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Power in a circuit with an inductor and integrals

  1. Apr 28, 2009 #1
    1. The power into a circuit element in the product of the voltage across the element and the current through the element. Assuming a voltage v(t) = V_p cos(omega*t) across inductor L, integrate the power over one cycle and show that the net energy into the inductor is zero.

    V_p is the peak voltage

    2. Relevant equations:
    P=IV
    I=(V_p/(omega*L))sin(omega*t)



    Ok, so I'm really bad at calculus. I combined the three above equations to solve for Power, P and got: P=((V_p)^2/(omega*L))cos(omega*t)sin(omega*t). I assume I have to take the integral of this, but I'm not even sure what one cycle means. Can anybody point me in the right direction?

    My best guess of the integral would be something like (since integral(sinxcosx)=.5sinx^2):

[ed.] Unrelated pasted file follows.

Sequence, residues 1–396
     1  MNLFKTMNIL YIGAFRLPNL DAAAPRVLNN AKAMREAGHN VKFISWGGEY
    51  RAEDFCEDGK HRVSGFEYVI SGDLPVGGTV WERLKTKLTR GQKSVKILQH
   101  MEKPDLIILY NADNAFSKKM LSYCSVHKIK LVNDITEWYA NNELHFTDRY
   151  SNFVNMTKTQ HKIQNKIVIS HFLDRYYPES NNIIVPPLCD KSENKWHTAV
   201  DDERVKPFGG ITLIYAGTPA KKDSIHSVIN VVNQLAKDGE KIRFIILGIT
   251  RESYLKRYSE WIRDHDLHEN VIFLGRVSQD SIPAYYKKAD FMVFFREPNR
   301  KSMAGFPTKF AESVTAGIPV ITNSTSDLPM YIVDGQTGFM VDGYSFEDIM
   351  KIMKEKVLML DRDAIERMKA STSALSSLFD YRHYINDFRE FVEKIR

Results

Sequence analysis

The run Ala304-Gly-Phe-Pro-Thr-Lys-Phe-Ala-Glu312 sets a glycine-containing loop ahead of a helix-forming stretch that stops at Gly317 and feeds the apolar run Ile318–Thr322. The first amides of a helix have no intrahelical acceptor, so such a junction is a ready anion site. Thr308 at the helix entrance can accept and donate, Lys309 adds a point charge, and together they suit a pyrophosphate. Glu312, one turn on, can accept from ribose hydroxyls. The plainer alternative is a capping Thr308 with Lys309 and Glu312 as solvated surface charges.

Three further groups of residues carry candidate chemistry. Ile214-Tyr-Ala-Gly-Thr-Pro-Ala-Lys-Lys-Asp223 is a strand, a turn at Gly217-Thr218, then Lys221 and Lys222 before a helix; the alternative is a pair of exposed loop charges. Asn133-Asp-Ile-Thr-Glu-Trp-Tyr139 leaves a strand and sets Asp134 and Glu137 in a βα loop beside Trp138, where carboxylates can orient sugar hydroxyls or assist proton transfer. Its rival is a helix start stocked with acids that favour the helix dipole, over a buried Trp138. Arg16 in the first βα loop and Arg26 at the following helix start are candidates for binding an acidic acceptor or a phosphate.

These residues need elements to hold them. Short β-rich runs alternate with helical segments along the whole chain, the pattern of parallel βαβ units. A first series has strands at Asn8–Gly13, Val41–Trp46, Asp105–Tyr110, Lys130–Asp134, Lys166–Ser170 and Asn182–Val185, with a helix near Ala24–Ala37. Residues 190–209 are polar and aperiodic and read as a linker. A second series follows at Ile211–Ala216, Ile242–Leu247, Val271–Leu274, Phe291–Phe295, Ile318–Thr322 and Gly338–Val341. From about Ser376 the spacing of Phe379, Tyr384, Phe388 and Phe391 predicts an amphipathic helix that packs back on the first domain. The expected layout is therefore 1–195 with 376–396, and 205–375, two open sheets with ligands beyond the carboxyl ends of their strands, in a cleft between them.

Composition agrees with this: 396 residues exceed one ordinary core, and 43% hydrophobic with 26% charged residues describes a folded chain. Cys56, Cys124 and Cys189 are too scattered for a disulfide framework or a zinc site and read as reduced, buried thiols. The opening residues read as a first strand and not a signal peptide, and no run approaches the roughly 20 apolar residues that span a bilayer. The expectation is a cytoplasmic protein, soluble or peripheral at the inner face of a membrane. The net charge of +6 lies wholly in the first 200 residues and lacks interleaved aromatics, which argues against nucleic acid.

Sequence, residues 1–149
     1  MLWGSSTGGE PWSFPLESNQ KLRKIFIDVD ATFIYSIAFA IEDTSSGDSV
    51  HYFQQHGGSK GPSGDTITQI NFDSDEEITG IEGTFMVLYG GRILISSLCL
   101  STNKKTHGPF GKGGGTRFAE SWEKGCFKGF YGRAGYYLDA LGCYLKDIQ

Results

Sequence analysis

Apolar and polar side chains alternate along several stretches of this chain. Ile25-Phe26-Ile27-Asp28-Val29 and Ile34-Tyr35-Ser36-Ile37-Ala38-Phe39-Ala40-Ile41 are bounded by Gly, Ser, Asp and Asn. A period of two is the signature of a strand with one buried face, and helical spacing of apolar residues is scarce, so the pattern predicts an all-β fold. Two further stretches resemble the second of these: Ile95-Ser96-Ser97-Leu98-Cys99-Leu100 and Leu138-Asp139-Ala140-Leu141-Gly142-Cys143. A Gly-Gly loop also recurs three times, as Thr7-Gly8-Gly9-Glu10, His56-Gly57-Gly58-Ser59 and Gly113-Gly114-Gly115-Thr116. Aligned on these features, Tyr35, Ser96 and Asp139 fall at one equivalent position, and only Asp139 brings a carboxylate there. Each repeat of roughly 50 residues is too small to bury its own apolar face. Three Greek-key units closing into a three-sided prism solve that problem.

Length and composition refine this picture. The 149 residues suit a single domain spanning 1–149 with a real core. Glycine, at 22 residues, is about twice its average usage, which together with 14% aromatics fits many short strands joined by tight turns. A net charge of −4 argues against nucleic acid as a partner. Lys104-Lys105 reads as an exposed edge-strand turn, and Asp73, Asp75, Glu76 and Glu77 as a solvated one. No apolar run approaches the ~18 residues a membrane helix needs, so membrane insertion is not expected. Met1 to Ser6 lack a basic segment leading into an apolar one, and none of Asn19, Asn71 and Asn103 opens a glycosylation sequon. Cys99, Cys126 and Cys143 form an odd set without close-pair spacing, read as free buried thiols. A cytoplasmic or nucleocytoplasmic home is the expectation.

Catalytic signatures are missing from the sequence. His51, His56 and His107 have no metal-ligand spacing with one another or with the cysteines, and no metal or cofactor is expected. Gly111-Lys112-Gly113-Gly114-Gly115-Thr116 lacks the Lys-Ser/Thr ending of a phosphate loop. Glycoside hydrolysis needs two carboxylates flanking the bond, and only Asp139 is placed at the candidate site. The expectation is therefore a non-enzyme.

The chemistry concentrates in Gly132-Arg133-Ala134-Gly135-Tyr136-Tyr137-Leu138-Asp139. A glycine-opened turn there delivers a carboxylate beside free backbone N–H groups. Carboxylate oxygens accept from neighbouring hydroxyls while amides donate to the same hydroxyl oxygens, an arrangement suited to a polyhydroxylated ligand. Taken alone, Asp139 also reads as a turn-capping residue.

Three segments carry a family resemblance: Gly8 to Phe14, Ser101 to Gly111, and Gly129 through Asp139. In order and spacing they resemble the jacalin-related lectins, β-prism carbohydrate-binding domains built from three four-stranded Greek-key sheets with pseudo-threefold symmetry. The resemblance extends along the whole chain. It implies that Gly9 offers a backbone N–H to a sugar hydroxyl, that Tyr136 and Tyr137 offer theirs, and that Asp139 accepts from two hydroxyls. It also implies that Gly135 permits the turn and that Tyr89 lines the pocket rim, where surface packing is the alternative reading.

.5sin(omega*t)^2*V_p/(omega*L)

    Thanks
     
  2. jcsd
  3. Apr 28, 2009 #2

    rl.bhat

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    In one complete cycle omega*t changes from zero to 2*pi. Take the integration between these limits.
     
  4. Apr 29, 2009 #3
    Can you help me out a little bit more about how to take that integral?
     
  5. Apr 29, 2009 #4

    rl.bhat

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    P= Vp^2/wL*sinwt*coswt = (Vp^2/2wL)*sin2wt.
    Now find the integration with limits.
     
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